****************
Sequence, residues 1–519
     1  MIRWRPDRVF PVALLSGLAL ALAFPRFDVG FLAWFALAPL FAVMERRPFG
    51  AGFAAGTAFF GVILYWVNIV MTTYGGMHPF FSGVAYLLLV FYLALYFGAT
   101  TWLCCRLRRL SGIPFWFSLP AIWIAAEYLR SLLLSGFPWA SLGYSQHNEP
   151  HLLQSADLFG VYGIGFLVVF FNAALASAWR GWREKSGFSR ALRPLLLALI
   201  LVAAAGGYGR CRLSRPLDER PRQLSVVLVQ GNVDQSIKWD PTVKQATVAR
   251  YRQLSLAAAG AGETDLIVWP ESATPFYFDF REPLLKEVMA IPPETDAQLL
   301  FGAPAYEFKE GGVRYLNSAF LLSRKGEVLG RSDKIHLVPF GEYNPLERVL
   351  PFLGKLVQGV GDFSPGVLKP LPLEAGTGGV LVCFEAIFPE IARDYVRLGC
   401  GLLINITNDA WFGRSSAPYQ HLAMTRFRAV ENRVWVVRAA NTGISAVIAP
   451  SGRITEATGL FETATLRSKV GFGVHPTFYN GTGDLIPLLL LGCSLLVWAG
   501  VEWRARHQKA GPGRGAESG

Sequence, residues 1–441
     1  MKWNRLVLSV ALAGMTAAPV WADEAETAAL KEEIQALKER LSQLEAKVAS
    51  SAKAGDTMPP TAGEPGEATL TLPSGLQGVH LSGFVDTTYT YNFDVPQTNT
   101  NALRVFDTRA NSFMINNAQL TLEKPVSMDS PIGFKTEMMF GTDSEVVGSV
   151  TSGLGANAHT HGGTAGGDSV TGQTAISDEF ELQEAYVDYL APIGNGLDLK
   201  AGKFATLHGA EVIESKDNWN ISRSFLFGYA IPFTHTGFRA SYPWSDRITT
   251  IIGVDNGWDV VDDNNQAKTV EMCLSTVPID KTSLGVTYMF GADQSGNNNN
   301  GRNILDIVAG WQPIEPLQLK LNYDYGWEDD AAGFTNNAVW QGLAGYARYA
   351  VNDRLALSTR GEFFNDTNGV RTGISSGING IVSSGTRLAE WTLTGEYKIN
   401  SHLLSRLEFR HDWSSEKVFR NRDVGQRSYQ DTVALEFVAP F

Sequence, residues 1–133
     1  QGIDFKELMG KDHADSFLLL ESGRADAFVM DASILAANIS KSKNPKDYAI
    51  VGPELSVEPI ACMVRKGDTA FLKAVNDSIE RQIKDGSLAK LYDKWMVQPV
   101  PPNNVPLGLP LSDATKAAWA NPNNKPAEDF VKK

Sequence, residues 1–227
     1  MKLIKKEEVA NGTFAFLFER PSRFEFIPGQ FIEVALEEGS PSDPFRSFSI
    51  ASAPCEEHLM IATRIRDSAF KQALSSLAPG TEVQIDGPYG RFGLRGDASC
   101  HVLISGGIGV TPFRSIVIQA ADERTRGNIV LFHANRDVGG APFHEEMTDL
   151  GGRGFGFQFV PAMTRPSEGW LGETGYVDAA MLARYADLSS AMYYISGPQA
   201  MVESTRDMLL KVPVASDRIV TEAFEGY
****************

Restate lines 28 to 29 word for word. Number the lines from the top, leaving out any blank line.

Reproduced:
     1  MKLIKKEEVA NGTFAFLFER PSRFEFIPGQ FIEVALEEGS PSDPFRSFSI
    51  ASAPCEEHLM IATRIRDSAF KQALSSLAPG TEVQIDGPYG RFGLRGDASC